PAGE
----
It's still a neat effect, however, that continues to mystify me even though I understand why it happens.
posted by SmileyChewtrain at 3:40 PM on June 14, 2006


Pardon my French, but what a fucking synchronicity. Just yesterday I stumbled across Deutsch's Phantom Words and Other Curiosities as I was cleaning out my CD shelf!
posted by digaman at 4:02 PM on June 14, 2006


I've been watching you digaman.......
posted by ozomatli at 4:23 PM on June 14, 2006


If SmileyChewtrain finds the Doppler Effect mystifying, he should try getting his head round the relativistic Transverse Doppler Effect (wikilink).
posted by edd at 4:43 PM on June 14, 2006


The MP3 of tritone paradox versions on the Deutsch site contains four examples. The last one is ambiguous and can be heard both as rising and as falling. This suggests a species of quantum indeterminacy, where the listener's election to hear one direction of tritonal interval change determines the phenomenon.
posted by rdone at 6:16 PM on June 14, 2006


This suggests a species of quantum indeterminacy, where the listener's election to hear one direction of tritonal interval change determines the phenomenon.

Or it just goes down:

posted by cillit bang at 8:45 PM on June 14, 2006


Shepard tones:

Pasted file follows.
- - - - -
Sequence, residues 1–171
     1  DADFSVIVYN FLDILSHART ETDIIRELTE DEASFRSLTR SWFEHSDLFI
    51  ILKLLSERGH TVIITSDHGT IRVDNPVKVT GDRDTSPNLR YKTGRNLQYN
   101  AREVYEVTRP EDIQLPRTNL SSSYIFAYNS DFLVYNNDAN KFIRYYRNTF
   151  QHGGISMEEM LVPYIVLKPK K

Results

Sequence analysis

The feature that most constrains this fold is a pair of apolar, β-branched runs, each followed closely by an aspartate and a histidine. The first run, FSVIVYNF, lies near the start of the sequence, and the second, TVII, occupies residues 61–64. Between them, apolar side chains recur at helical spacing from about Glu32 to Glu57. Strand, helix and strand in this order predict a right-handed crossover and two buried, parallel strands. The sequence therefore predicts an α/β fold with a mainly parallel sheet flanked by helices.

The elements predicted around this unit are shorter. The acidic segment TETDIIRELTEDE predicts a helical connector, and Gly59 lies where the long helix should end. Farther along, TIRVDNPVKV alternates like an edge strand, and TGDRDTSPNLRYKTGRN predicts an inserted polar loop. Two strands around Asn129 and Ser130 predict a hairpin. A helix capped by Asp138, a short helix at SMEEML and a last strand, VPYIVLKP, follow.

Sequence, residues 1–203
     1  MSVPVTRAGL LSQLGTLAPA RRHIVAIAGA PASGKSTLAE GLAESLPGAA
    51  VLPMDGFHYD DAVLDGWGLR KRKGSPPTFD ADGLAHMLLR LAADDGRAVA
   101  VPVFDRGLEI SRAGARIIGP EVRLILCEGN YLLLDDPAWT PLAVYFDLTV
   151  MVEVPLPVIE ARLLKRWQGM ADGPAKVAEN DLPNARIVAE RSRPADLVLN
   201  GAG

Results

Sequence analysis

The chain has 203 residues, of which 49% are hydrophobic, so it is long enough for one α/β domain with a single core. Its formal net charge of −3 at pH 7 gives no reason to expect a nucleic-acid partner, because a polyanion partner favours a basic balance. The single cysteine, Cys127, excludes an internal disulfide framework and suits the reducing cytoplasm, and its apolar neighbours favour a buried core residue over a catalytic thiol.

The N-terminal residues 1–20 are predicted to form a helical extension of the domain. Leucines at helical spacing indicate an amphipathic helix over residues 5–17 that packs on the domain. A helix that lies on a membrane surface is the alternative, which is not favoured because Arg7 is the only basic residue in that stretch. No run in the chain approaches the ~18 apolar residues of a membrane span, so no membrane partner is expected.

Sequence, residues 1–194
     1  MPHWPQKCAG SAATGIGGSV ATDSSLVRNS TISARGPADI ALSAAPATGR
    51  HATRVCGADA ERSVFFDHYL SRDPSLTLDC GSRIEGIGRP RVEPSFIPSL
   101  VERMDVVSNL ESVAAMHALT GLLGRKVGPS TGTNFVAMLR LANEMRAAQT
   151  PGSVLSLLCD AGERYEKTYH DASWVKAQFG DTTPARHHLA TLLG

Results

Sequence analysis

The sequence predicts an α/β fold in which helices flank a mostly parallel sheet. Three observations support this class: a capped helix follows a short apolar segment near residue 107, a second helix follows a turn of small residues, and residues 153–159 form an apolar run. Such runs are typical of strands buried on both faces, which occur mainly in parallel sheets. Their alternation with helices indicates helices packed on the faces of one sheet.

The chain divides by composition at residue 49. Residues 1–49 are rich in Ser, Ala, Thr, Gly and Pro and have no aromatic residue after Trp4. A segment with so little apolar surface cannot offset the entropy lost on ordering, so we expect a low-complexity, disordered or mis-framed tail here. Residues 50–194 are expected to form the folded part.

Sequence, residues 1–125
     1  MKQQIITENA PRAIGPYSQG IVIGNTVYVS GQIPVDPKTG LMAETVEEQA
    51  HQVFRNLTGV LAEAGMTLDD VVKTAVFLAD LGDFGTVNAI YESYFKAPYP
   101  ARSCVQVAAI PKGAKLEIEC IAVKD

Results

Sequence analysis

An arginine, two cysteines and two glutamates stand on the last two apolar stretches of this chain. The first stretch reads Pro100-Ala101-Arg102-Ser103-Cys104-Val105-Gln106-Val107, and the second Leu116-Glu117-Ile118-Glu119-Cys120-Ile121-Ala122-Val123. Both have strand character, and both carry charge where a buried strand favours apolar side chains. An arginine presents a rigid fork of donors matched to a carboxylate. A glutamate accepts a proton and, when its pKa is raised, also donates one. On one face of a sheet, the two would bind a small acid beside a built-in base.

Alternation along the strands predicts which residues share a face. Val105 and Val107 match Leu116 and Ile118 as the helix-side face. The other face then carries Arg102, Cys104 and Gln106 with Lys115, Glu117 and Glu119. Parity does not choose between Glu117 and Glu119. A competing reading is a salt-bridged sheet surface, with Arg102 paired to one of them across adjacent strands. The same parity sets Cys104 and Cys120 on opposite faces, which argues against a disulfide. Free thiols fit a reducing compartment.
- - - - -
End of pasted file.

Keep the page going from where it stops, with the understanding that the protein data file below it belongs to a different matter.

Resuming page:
posted by cillit bang at 9:13 PM on June 14, 2006


cillit bang, what software is that?
posted by Bugbread at 10:02 PM on June 14, 2006


Ah, sweet, I've been thinking about plotting a frequency map of that MP3 all day....it's looks pretty much like I imagined it...

The odd thing is, the Shepard tone illlusion is, at least for me, very easy to re-create in your head...just think of an ever increasing, or decreasing tone, and you get much the same effect.

It raises an odd question, though - I'm nearly 30 now, and I've definitely lost the 20Khz+ hearing I used to have....but listening to19Khz sounds now, I'm completely unable to imagine the sounds I'm now missing - why should this be, given that I've got experince of what they sound like?
posted by Jon Mitchell at 2:09 AM on June 15, 2006


It's a free Java app called Sonogram Visible Speech.

(If it complains that it needs Java 1.5, you actually need to install Java 2 SE 5.0)
posted by cillit bang at 3:00 AM on June 15, 2006


The radio show Radiolab has a great program about this, and other, sound candy.

link
posted by sunexplodes at 8:27 AM on June 15, 2006


I love the misspelling of 'perfect' ozomatli.

*shows finger to pedants*
posted by Shave at 4:58 AM on June 16, 2006